Cast Iron Seat Collector Travels Globe for Rare Seats
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Don sends seat “scouts” searching for rare finds, and stays in frequent contact with other collectors to keep current on trends in the hobby. Don bought most of his seats at tractor shows, flea markets and antique auctions, which he says are the best places to find authentic and rare cast iron seats.
Trading is also a common practice for Don. “Some folks don’t want to buy seats,” he explains. “They only want to trade.”
Of course, sometimes Don is just plain lucky. He found one seat, an Avery (Type 2) No. 56, at a flea market for just $10. This seat doesn’t have a part number, so it’s much more rare than the other Avery seats. “That’s what I call a sleeper – the ones that just creep up on you,” Don says. It turns out the price was right, and so was Don’s hunch. The other seven Avery (Type 2) seats that sold in recent years each brought several hundred dollars.
The Internet is another tool for collectors searching for the perfect seat. Don found a Reuther Elevator Digger No. 2, No. 891, on eBay, an Internet auction site. Don was a bit skeptical about using the Internet – not to mention buying a seat sight unseen – but submitted a bid for the seat regardless.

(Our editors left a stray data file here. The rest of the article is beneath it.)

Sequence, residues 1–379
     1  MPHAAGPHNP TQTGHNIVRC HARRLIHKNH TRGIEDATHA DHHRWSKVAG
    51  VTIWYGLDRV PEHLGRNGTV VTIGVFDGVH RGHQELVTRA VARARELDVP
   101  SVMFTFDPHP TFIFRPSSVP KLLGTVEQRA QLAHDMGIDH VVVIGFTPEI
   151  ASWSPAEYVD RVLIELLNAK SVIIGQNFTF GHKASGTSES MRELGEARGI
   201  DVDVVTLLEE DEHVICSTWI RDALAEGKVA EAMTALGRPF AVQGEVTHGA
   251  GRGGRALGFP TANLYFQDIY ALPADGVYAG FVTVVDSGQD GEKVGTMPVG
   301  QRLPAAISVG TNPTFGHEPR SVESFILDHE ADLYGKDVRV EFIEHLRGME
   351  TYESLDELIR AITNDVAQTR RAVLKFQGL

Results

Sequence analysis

When he was outbid, Don forgot about the seat. Surprisingly, he received that very seat as a gift for his 90th birthday in April – Don’s son, Bob, was the person who’d outbid him online.
The Texas traveler
At the age of 90, Don has seen the world change, as well as shifting trends in seat collecting. “They’re getting harder and harder to find,” he says. “People have started making reproductions of the rare seats, so you have to watch for those. Lots of them are coming out of Mexico.”
But this Texas traveler can still often be found combing the country in search of collectible seats. In May of last year, Don traveled 28 hours on a bus to attend Art and Martha Heritage’s estate sale in Muncie, Ind. The trip was long and exhausting, but its fruits were sweet. Don bought the auction’s most expensive seat, a rare Globe No. 445, rated a 10 (for more on the estate sale, read “Cast Iron Seat Collectors Find Gems at Heritage Estate Sale”).
Don actually bought the seat as a gift for Ted Edwards, a seat collector from Wales. This effort shows that Don’s travels have brought him not only rare seats, but also irreplaceable friends.
Don met Ted in the early 1980s through an ad in the Collectors Association newsletter. The two traded seats and soon became good friends. Today, they pay each other’s membership dues for seat collecting clubs in their respective countries, and both have made the trans-Atlantic journey to visit each other. “We’ve probably traded 50 to 70 seats with each other,” Don says.
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